Academic journal article
By Hasen, Richard L.
Northwestern University Law Review , Vol. 102, No. 4
After the 2008 presidential election season concludes, no doubt there will be calls to change the presidential nomination system, especially on the Democratic Party side. Already before the current season began, Congress explored legislation to prevent the "frontloading" of the primary process through the creation of a series of rotating regional primaries.1 The close contest for the Democratic Party nomination this winter and spring revealed additional issues beyond the timing question. Critics have argued that the caucus system used in some states is unfair and poorly administered,2 that the unequal weighting of votes for purposes of delegate selection violates democratic principles,3 and that the fate of the Democratic Party presidential nomination should not turn on the votes of unelected "superdelegates."4
It is certainly possible that the parties themselves will change their nomination rules in response to these criticisms, as the parties have done in the past. But in the event the parties cannot agree on changes, Congress may consider legislation imposing changes to make the nomination rules comply more with the typical "one person, one vote" norms applicable to general elections. At the extreme, Congress might require presidential nominations to occur through state-by-state direct primaries conducted under one person, one vote principles. Here, I explore the question of whether Congress has the power to impose such primaries on the parties and the states if the parties, states, or both object. I do not consider the wisdom of such legislation.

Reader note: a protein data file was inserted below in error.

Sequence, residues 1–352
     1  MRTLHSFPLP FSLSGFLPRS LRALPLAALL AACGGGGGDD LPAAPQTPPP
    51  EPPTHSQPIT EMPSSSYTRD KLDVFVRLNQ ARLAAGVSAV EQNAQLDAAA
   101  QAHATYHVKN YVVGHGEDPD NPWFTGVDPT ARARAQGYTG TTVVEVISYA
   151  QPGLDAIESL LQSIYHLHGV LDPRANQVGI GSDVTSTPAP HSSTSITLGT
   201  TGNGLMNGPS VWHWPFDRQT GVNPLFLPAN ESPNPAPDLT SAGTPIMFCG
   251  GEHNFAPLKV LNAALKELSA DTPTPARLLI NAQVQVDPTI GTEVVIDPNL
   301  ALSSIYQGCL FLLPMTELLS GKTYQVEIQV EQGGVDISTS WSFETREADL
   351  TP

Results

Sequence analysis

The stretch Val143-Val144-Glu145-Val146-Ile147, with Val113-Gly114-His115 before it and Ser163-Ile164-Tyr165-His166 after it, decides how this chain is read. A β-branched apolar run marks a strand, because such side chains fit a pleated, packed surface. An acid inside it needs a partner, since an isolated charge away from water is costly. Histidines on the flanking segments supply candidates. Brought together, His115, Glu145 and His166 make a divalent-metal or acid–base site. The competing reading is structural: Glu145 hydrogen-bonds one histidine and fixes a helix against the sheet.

As I explain, the main argument that parties can advance against congressional (or for that matter, state) imposition of a direct presidential primary is that it violates the First Amendment associational rights of political parties to determine their method for choosing their standard bearers.5 This argument would appear to have much force given recent Supreme Court cases recognizing the parties' rights to overrule the states on the open or closed nature of political primaries. On the other hand, the Court has also accepted as "too plain for argument" a governmental power to require parties to use direct primaries to choose their nominees to assure fairness of the process.6 So resolution of the question is uncertain.
The second argument that the parties or the states may raise against Congress is that Congress lacks the power under the Constitution to set the rules for presidential elections.7 Such an argument reads congressional power under Article II of the Constitution narrowly,8 limited to setting the time for choosing presidential electors. Though the textual argument under Article II has some force, both Court precedent and policy suggest that the courts could well accept congressional power to impose at least some regulations on the primary process, such as regulations setting the timing of primaries or caucuses. It is not clear whether congressional power would extend as far as the imposition of a direct presidential primary against the parties' and states' wishes.
Part I of this Essay briefly reviews complaints from the 2008 election season about the presidential nominating process. Part II considers the party autonomy argument against congressional legislation imposing a direct presidential primary. Part III considers the congressional power argument. This Essay concludes by noting that even if Congress may lack the power, the threat of congressional action could spur the parties to reform themselves.
I. COMPLAINTS ABOUT THE 2008 PRESIDENTIAL NOMINATION PROCESS AND POSSIBLE LEGISLATIVE REMEDIES
Each state may make its own rules setting forth who may vote in party primaries, and these rules are subject to constitutional objections by the political parties.9 Major party presidential candidates are chosen at presidential conventions, whose delegates are chosen through primaries or caucuses conducted in each state. …